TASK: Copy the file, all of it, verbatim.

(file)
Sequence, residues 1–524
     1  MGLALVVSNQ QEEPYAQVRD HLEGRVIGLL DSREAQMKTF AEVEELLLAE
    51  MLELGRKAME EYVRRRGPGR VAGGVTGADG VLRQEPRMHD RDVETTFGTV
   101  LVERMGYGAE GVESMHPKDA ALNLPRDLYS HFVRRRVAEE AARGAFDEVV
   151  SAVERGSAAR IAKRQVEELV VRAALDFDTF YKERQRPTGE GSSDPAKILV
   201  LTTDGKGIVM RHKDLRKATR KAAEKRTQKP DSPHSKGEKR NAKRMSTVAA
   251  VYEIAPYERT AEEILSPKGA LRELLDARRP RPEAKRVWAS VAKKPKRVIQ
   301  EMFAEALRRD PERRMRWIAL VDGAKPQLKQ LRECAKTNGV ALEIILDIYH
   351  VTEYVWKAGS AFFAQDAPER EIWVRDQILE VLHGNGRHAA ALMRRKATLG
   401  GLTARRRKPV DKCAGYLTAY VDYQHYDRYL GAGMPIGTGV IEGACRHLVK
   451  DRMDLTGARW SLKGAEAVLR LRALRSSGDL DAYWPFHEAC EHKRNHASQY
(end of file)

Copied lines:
Sequence, residues 1–524
     1  MGLALVVSNQ QEEPYAQVRD HLEGRVIGLL DSREAQMKTF AEVEELLLAE
    51  MLELGRKAME EYVRRRGPGR VAGGVTGADG VLRQEPRMHD RDVETTFGTV
   101  LVERMGYGAE GVESMHPKDA ALNLPRDLYS HFVRRRVAEE AARGAFDEVV
   151  SAVERGSAAR IAKRQVEELV VRAALDFDTF YKERQRPTGE GSSDPAKILV
   201  LTTDGKGIVM RHKDLRKATR KAAEKRTQKP DSPHSKGEKR NAKRMSTVAA
   251  VYEIAPYERT AEEILSPKGA LRELLDARRP RPEAKRVWAS VAKKPKRVIQ
   301  EMFAEALRRD PERRMRWIAL VDGAKPQLKQ LRECAKTNGV ALEIILDIYH
   351  VTEYVWKAGS AFFAQDAPER EIWVRDQILE VLHGNGRHAA ALMRRKATLG
   401  GLTARRRKPV DKCAGYLTAY VDYQHYDRYL GAGMPIGTGV IEGACRHLVK
   451  DRMDLTGARW SLKGAEAVLR LRALRSSGDL DAYWPFHEAC EHKRNHASQY